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Centennial Annual Rainfall Pattern Changes Show an Increasing Trend with Higher Variation over Northern Australia

Jie HeaState Key Laboratory of Soil Erosion and Dryland Farming on the Loess Plateau, Northwest A&F University, Yangling, China
bSchool of Life Sciences, University of Technology Sydney, Sydney, New South Wales, Australia

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Puyu FengcCollege of Land Science and Technology, China Agricultural University, Beijing, China

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Bin WangaState Key Laboratory of Soil Erosion and Dryland Farming on the Loess Plateau, Northwest A&F University, Yangling, China
dNew South Wales Department of Primary Industries, Wagga Wagga Agricultural Institute, Wagga Wagga, New South Wales, Australia

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Wei ZhuangaState Key Laboratory of Soil Erosion and Dryland Farming on the Loess Plateau, Northwest A&F University, Yangling, China

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Yongqiang ZhangeKey Laboratory of Water Cycle and Related Land Surface Processes, Institute of Geographic Sciences and Natural Resources Research, Chinese Academy of Sciences, Beijing, China

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De Li LiudNew South Wales Department of Primary Industries, Wagga Wagga Agricultural Institute, Wagga Wagga, New South Wales, Australia
fClimate Change Research Centre, University of New South Wales Sydney, Sydney, New South Wales, Australia

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Jamie CleverlygCollege of Science and Engineering, James Cook University, Cairns, Queensland, Australia

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Alfredo HuetebSchool of Life Sciences, University of Technology Sydney, Sydney, New South Wales, Australia

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Qiang YuaState Key Laboratory of Soil Erosion and Dryland Farming on the Loess Plateau, Northwest A&F University, Yangling, China
bSchool of Life Sciences, University of Technology Sydney, Sydney, New South Wales, Australia
eKey Laboratory of Water Cycle and Related Land Surface Processes, Institute of Geographic Sciences and Natural Resources Research, Chinese Academy of Sciences, Beijing, China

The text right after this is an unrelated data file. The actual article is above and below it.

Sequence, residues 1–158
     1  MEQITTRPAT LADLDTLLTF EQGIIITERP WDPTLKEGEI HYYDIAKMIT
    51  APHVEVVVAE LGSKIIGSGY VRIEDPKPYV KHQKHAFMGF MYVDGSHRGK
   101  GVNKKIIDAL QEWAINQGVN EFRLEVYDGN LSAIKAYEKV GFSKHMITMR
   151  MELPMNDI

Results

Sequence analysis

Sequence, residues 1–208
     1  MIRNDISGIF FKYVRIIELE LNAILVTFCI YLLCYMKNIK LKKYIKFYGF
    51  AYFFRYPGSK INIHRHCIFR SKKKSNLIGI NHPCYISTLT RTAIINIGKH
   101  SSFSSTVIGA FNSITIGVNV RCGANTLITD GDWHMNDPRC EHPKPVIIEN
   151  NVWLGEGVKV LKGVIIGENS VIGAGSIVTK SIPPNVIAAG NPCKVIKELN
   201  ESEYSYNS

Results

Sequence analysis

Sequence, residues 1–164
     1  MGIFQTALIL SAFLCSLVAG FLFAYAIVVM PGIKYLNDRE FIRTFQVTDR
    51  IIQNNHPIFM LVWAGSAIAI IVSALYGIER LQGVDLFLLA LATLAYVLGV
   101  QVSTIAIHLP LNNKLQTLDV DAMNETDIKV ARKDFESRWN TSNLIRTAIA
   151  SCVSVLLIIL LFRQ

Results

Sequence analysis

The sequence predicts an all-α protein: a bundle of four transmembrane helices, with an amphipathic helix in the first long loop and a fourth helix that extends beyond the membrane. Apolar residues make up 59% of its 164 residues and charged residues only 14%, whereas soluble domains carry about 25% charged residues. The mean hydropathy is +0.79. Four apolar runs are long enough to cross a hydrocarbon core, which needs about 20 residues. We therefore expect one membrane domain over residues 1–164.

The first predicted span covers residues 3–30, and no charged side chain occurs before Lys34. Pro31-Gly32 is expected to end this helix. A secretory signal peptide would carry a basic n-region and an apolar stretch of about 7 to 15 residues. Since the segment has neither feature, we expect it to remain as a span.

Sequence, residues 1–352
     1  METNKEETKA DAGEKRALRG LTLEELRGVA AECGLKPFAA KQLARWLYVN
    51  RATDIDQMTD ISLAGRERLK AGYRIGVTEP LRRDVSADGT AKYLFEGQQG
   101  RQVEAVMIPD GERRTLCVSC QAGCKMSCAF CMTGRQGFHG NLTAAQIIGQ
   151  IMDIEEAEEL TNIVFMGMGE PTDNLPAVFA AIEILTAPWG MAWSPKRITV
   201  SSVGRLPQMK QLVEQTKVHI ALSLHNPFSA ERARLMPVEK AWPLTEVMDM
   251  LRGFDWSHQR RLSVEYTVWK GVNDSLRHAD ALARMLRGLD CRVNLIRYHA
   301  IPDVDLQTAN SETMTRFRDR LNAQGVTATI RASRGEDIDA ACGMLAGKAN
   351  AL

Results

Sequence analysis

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Abstract

Global warming and anthropogenic activities have imposed noticeable impacts on rainfall pattern changes at both spatial and temporal scales in recent decades. Systematic diagnosis of rainfall pattern changes is urgently needed at spatiotemporal scales for a deeper understanding of how climate change produces variations in rainfall patterns. The objective of this study was to identify rainfall pattern changes systematically under climate change at a subcontinental scale along a rainfall gradient ranging from 1800 to 200 mm yr−1 by analyzing centennial rainfall data covering 230 sites from 1910 to 2017 in the Northern Territory of Australia. Rainfall pattern changes were characterized by considering aspects of trends and periodicity of annual rainfall, abrupt changes, rainfall distribution, and extreme rainfall events. Our results illustrated that rainfall patterns in northern Australia have changed significantly compared with the early period of the twentieth century. Specifically, 1) a significant increasing trend in annual precipitation associated with greater variation in recent decades was observed over the entire study area, 2) temporal variations represented a mean rainfall periodicity of 27 years over wet to dry regions, 3) an abrupt change of annual rainfall amount occurred consistently in both humid and arid regions during the 1966–75 period, and 4) partitioned long-term time series of rainfall demonstrated a wetter rainfall distribution trend across coastal to inland areas that was associated with more frequent extreme rainfall events in recent decades. The findings of this study could facilitate further studies on the mechanisms of climate change that influence rainfall pattern changes.